The Reserve Bank of India today released the statutory Report on Trend and Progress of Banking in India 2012-13. This Report presents the performance and salient policy measures relating to the banking sector during 2012-13. The Report also provides an analysis of the co-operative banks and non-banking financial institutions.
The key messages of the Report are set out below:
Perspectives on the Indian Banking Sector
The weakening domestic macroeconomic conditions combined with the continuing subdued global growth posed challenges to the banking sector during 2012-13. However, the comfortable capital base continues to lend resilience to the Indian banking sector (para 1.1, page 1).
The regulatory and supervisory policy responses during the year pertained to initiatives for implementing risk-based supervision, enhanced oversight of financial conglomerates and steps towards improved co-ordination among regulators, besides positioning banks to meet the needs of inclusive growth (para 1.11-1.17, pages 4-6).
Initiatives were undertaken to expand the banking system, increase competition, further strengthen the payments and settlement mechanism and fortification of capital (para 1.18-1.21, pages 6-7).
At the present juncture, the key issues related to the Indian banking sector include:
effective reduction in NPAs and improvements in the loan recovery process;
need to achieve sustainable financial inclusion through suitable business and delivery models;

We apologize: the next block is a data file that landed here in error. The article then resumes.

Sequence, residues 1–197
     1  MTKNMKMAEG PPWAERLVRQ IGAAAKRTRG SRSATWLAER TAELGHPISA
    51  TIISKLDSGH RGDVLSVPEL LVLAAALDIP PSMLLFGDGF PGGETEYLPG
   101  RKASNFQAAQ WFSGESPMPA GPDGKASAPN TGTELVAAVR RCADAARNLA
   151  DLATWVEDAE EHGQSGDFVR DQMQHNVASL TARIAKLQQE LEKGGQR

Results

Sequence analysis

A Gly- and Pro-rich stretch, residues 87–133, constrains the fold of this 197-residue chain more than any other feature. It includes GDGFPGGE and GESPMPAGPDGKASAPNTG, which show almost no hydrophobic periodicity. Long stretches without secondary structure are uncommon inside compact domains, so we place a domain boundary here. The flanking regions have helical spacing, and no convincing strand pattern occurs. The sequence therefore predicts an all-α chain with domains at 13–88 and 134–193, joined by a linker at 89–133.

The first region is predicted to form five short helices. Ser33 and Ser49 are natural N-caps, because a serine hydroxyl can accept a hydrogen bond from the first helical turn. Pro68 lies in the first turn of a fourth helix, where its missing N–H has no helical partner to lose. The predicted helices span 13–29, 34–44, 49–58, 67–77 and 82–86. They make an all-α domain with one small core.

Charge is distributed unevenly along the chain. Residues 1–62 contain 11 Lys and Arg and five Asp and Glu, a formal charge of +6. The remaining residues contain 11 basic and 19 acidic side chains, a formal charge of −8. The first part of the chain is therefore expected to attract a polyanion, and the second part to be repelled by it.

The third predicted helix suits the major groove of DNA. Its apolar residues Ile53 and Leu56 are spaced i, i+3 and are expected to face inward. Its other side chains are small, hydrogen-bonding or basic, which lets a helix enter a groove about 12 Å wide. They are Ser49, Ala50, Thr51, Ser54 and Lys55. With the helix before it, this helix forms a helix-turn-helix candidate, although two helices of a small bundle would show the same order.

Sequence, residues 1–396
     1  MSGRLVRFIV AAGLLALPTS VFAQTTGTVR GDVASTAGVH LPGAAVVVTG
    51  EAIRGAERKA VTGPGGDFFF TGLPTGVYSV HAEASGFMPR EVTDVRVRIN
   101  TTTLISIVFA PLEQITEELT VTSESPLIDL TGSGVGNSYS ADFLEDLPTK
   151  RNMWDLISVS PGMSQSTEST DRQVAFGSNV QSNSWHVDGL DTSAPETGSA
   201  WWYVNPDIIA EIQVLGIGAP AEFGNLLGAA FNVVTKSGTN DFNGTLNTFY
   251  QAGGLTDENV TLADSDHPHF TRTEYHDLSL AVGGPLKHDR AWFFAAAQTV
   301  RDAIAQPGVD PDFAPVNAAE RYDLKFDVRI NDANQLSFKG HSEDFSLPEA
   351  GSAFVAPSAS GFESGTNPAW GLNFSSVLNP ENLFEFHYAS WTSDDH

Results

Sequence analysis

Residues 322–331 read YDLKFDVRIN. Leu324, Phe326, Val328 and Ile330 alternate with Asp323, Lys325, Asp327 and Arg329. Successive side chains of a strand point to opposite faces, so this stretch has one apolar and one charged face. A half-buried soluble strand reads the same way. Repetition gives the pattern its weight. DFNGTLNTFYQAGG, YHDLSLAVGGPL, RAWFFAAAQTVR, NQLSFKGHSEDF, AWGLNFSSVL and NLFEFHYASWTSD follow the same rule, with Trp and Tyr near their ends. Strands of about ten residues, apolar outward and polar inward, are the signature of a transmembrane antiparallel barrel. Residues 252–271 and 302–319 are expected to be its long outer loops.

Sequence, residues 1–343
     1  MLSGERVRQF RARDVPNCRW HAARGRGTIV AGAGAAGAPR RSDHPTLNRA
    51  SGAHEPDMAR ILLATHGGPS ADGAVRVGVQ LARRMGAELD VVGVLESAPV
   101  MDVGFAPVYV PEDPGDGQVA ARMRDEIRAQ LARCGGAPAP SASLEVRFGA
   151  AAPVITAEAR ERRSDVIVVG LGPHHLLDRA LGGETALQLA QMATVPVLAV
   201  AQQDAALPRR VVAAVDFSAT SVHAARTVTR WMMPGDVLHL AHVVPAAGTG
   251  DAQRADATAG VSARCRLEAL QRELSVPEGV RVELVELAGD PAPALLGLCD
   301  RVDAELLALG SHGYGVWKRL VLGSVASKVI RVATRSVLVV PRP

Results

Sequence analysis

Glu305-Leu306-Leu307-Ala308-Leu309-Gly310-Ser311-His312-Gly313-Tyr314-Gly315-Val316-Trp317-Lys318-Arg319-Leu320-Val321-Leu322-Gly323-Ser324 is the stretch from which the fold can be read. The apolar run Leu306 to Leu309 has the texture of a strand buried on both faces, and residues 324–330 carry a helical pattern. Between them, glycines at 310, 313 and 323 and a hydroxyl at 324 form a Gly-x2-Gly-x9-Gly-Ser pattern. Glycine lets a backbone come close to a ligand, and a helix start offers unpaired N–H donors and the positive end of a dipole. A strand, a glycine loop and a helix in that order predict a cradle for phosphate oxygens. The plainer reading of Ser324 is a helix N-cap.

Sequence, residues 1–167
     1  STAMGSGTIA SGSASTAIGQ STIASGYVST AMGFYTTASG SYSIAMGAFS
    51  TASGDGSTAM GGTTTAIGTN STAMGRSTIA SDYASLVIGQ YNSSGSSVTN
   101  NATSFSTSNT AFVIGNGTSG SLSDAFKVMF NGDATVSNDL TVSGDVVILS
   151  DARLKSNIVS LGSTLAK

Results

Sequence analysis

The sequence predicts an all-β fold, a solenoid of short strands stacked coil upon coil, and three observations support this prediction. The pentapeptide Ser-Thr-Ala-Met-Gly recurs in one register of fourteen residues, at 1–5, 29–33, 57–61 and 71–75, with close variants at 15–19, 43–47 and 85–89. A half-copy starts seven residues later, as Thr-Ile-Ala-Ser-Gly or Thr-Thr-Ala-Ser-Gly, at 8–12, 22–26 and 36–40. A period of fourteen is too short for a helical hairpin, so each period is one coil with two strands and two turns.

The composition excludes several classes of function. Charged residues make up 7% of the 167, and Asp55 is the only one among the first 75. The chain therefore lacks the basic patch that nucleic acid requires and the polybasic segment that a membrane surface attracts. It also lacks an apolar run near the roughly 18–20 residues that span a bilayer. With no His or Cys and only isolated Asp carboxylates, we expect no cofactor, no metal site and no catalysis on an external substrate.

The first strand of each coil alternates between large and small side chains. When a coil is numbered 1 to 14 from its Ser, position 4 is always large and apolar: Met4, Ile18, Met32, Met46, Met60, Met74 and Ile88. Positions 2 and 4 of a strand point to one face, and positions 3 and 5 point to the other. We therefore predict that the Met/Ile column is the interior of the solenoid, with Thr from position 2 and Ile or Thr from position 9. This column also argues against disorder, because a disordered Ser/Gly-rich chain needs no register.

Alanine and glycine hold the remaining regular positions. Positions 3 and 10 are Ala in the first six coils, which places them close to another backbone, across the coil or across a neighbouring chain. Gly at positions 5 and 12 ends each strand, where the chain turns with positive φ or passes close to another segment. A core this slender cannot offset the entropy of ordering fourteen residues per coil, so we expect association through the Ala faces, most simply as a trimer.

need to stimulate and foster competition in the banking sector and liberalise licensing policies; and
need for decisive changes in the present banking structure to enable it to grow in size, resources, efficiency and inclusivity (para 1.25-1.28, pages 8-9; para 1.33-1.34, page 10).
Global Banking Developments
Many initiatives were undertaken in the sphere of regulatory and supervisory policies during the year. These include issuing guidelines for new bank licences, rationalising branch authorisation policy and revision in policy regarding restructuring of advances by banks/financial institutions. Also, policy framework was released for setting up of wholly owned subsidiaries by foreign banks in India (para 3.24-3.29, pages 34-36; para 3.40-41, pages 38-39).
Measures were also introduced for rationalisation of bank lending against gold and bank finance for purchase of gold. Discussion papers on banking structure and dynamic provisioning framework were released and risk-based supervisory approach for banks was adopted (para 3.30-3.31, para 3.33-3.34, pages 36-37; para 3.48, page 41).
Significant headway was made in improving credit delivery channels, credit flow towards productive sectors and financial inclusion by revising priority sector loan limits and refocusing on credit growth to micro and small enterprises. Further, bank licence was issued to Bharatiya Mahila Bank Ltd. to address gender related aspects of empowerment (para 3.10, para 3.12-3.13, pages 31-32; para 3.18-3.20, page 33).
Operations and Performance of Commercial Banks
Against the backdrop of a slowdown in the domestic economy and tepid global recovery, the growth of the Indian banking sector slowed down for the second consecutive year in 2012-13 (para 4.3, page 55).